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Heart Attack: What to Expect in the Emergency Room

What to Expect When You Arrive at the Emergency Room

Emergency rooms operate on a triage basis. This means that they treat the most serious illnesses first. If you arrive with symptoms of a heart attack, they will see you quickly. Doctors will work to confirm your diagnosis, relieve your symptoms, and treat the problem. Depending upon your symptoms, you may have one or more of the following:

  • Medical history
  • Physical exam
  • Intravenous (IV) fluids
  • An electrocardiogram (ECG) to diagnose a heart attack

  • Electrocardiographic (ECG) monitoring to screen for abnormal heart rhythms, called arrhythmias
  • Blood tests to confirm a heart attack
  • Medications, such as nitroglycerin, aspirin, and clot-busting drugs
  • Oxygen
  • Cardiac catheterization, which involves threading a flexible tube into the heart from a blood vessel in the wrist or groin to open a blocked artery

Be prepared to answer a lot of questions at the emergency room, including questions about:

  • The pain you experienced
  • Past and current health problems, including past history of heart disease
  • Risk factors
  • Lifestyle habits, including the use of cigarettes, alcohol, and recreational drugs
  • Current medications, both prescription and over-the-counter
  • Dietary and herbal supplements
  • Any allergies you have, especially allergies to medications

 

Transfer from Emergency Room to Hospital Room With a Heart Attack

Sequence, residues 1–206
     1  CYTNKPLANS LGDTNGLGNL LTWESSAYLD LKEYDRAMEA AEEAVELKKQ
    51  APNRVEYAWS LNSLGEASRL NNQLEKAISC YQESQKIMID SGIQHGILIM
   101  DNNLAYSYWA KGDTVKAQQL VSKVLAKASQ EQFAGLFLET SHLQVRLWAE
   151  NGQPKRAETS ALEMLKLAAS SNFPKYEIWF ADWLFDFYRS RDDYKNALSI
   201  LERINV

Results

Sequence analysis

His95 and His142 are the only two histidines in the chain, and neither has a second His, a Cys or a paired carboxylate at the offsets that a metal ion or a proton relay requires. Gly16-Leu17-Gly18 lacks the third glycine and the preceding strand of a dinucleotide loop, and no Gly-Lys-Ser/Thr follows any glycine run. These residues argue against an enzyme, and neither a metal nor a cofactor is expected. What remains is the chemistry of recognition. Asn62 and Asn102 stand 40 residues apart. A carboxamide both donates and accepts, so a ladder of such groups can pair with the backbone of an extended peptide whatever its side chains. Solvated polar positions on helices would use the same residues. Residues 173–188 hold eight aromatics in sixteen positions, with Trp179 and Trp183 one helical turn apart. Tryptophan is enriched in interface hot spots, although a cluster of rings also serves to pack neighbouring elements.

Not everyone who goes to the emergency room with chest pain is admitted to the hospital. But if there is a reasonable chance that the pain is due to a heart attack or other serious condition, you will be admitted to the hospital.

The first 24 hours following a heart attack are usually spent in a coronary care unit (CCU) or an intensive care unit (ICU). There, skilled staff will continuously monitor your heart rhythm. A series of electrocardiograms and blood tests will be performed. Doctors will continue to watch you closely and give you medication as needed. Your doctor may suggest further tests.

If you remain stable after 24 hours in the CCU or ICU, you may be transferred to the "telemetry" floor of the hospital, where you will continue to receive care by a cardiac care team. Depending upon the severity of the heart attack and how quickly you received treatment, you may be able to go home within two to four days.

When You Get Home From the Hospital

  • Follow instructions given to you in your discharge summary.
  • Take all prescribed medicines.
  • Make an appointment to see your cardiologist.
  • Follow your doctor's instructions about when to resume normal activities.

WebMD Medical Reference

Reviewed by James Beckerman, MD, FACC on July 10, 2014
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